PLACES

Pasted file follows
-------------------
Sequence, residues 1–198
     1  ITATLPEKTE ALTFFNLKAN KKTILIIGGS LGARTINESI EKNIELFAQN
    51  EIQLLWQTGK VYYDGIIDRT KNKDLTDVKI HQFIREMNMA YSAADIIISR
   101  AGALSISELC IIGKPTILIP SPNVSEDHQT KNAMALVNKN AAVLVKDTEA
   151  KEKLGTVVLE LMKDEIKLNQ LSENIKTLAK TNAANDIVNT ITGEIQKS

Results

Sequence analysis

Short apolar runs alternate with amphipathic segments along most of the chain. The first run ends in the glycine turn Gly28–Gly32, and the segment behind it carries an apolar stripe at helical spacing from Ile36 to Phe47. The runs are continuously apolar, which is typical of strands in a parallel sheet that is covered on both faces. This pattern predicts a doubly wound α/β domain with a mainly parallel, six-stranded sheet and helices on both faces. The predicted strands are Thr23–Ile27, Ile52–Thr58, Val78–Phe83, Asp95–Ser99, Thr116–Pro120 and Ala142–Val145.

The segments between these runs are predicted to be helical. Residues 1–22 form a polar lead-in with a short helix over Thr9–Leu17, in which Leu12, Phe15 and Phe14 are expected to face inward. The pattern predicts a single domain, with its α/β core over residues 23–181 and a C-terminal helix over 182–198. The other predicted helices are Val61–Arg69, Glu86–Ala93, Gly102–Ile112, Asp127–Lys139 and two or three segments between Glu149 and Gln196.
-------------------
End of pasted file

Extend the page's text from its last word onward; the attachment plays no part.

In the heart of the Great Karoo, in the fertile valley of the Sneeuberg Mountains lies the small town of Nieu Bethesda.Karoo is the name given by the Khoikhoi to the semi-desert plateau located in the southeastern region of the Cape Province. On the outskirts of the town stands a house that is decorated in saturated colours and figures shaped in concrete and glass. It is called the The Owl House and was created by the ascetic artist Helen Martins who was born in Nieu Bethesda around the turn of the nineteenth century. As a young woman Helen Martins left Nieu Bethesda, became a teacher, was married for a while and returned to her home town in the late nineteen thirties to take care of her elderly parents. By 1945 both her parents had died. The shy Helen Martins, now in her late forties, felt secluded and alone. Rumour has it that, as she lay ill in bed one night, with the moon shining through her bedroom window and, feeling depressed by the monotony of her surroundings, she decided to change her living environment and recreate a fantasy world of colour and shapes to surround herself. Thus started a project that would take her many years to complete and would in time become known as The Owl House. About light. Entering The Owl House is like stepping into a huge jewellery box of rubies and emeralds, with patchy sunlight filtering through red, green and yellow glass panes. Some brightly painted windows, walls and ceilings are encrusted with ground glass, their luminous surfaces reflecting light that bathe the objects and pictures in different hues. There are small statues and sculptures, religious objects, lamps, Mona Lisas and sun symbols, all carefully staged in a theatrical interplay of light and shade, orchestrated and directed by Miss Helen, as she got to be known in those days of miracle and wonder. Concrete and glass. As the interior neared completion, Helen Martins began working closely with builder and itinerant sheep shearer, Koos Malgas, on creating a physical landscape of her imagination. Her dreams and fantasies were derived from her readings of the Bible, as well as philosophical works of William Blake and the poetry of Omar Khayyam. Making use of humble materials such as glass, cement and wire, she worked closely with Malgas to create a wonderful collection of delicately sculptured, bottle-skirted ladies and chaps in hats and caps, figures bending backwards as if in exultation, a menagerie of vigilant owls, a cat with car headlights for eyes, shepherds and camels carrying wise men towards the Orient, on the road to Mecca. THE OWL HOUSE

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